The reinforcement of TFG’s new talent acquisition strategy, supported by a strong employee value proposition, has yielded success in the appointment of top equity talent at senior and middle management levels across the Group. The framework for this new operating model is underpinned by a team of specialists who use a variety of new recruitment methodologies and techniques to ensure that we attract and secure top equity talent within the passive candidate market for all levels of skills.

A number of pilot initiatives were also driven within our customer-facing environments. A new high-volume solution has been introduced to ensure we also attract and secure top equity talent for critical roles in our field and stores. This recruitment solution takes a high volume of candidates through a series of assessments via an assessment centre day.

Summary of demographic representation of South African employee complement*

2013 Actual 52,98% 32,81% 4,57% 9,21% 0,43% 90,36%
2014 Actual 54,21% 32,39% 4,27% 8,87% 0,26% 90,87%
2015 Actual 56,54% 31,36% 3,75% 8,03% 0,32% 91,65%
2016 Actual 58,64% 30,08% 3,53% 7,45% 0,30% 92,25%
2017 Actual 60,88% 28,99% 3,35% 6,55% 0,23% 93,22%
* TFG’s South African workforce profile as at 31 March 2017.

Youth unemployment continues to be a challenge in our country. A Talent Acquisition team has now been dedicated to look at a progressive and flexible approach to recruit young unemployed graduates from diverse academic backgrounds, with a strong focus on candidates from designated groups. Multiple avenues have been explored, and strategic partnerships with institutions of learning, NGOs, NPOs and government initiatives have been forged to educate, uplift and inform the youth of potential careers within the retail sector while focusing on TFG’s transformation and equity objectives.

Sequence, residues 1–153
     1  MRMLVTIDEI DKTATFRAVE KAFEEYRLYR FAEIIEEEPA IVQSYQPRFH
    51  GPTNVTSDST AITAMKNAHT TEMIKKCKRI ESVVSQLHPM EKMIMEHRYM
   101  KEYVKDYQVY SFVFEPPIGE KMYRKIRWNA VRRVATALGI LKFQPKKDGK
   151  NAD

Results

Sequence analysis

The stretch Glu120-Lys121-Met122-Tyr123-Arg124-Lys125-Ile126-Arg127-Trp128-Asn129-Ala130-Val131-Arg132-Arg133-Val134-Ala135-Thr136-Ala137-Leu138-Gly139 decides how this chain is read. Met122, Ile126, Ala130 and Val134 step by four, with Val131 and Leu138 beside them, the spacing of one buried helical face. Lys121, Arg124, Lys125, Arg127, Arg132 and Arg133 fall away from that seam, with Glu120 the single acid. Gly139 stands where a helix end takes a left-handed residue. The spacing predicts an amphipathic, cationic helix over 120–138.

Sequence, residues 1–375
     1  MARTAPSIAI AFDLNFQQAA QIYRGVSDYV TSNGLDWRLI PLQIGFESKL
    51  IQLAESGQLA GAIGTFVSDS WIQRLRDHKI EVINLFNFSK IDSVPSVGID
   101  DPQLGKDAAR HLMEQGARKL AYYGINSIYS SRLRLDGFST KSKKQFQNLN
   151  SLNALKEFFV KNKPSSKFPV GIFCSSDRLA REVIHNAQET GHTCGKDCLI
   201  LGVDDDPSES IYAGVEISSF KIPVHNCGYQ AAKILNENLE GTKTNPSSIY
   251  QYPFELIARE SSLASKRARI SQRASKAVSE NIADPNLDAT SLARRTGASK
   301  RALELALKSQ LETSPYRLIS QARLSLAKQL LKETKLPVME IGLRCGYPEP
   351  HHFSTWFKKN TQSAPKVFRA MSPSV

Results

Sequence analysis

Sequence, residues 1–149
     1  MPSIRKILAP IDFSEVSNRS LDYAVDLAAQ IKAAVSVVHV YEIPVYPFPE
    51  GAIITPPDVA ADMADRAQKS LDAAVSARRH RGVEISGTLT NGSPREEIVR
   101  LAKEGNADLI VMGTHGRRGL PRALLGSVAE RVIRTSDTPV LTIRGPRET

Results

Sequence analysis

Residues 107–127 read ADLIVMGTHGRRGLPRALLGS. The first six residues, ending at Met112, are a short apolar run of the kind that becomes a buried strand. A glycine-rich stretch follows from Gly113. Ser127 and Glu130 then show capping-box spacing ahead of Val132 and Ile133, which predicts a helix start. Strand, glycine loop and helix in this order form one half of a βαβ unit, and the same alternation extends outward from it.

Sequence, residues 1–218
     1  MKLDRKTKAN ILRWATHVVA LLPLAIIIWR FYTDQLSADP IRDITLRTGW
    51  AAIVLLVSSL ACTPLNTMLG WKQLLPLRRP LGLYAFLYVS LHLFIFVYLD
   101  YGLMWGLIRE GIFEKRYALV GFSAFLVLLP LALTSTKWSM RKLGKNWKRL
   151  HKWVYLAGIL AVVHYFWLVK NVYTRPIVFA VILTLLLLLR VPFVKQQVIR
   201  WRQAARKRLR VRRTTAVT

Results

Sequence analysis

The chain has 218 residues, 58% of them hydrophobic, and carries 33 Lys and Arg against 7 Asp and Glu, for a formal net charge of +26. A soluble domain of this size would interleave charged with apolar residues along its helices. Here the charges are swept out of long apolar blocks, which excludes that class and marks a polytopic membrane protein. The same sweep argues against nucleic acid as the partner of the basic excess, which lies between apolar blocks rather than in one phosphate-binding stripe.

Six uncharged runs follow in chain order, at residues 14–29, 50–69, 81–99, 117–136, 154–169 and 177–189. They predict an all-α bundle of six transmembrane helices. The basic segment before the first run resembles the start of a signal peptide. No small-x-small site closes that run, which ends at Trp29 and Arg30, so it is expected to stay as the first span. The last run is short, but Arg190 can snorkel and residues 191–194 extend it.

The TFG Retail Academy creates various pathways to our talent pipelines with specific focus on strong equity talent. In 2017, a substantial 93% of the 31 trainees appointed were from designated groups, while more than half of these appointments were African Black candidates. Progress in this regard continues to be exceptional – we have seen a 16% increase from last year where 80% of trainee appointments were from designated groups.

To support this, talent attraction strategies have been targeted to equity talent, with a particular focus on African Black candidates in the market. Selection methods have also been reviewed and improved to position TFG as an employer of choice.

Trainee programme demographics as at 31 March 2017

2013 17,24% 37,93% 10,34% 6,90% 27,59% 65,51% 68,97% 31,03%
2014 15,62% 43,75% 3,13% 3,13% 34,37% 62,50% 71,87% 28,13%
2015 20,69% 27,59% 10,34% 0,00% 41,38% 58,62% 68,97% 31,03%
2016 37,50% 37,50% 5,00% 0,00% 20,00% 80,00% 70,00% 30,00%
2017 41,85% 44,19% 6,98% 0,00% 6,98% 93,03% 70,00% 30,00%

Executive development and retention initiatives, including the allocation of shares, have been part of the drive to recognise and retain key individuals in professional middle management. It remains a strategic area of our talent management strategy.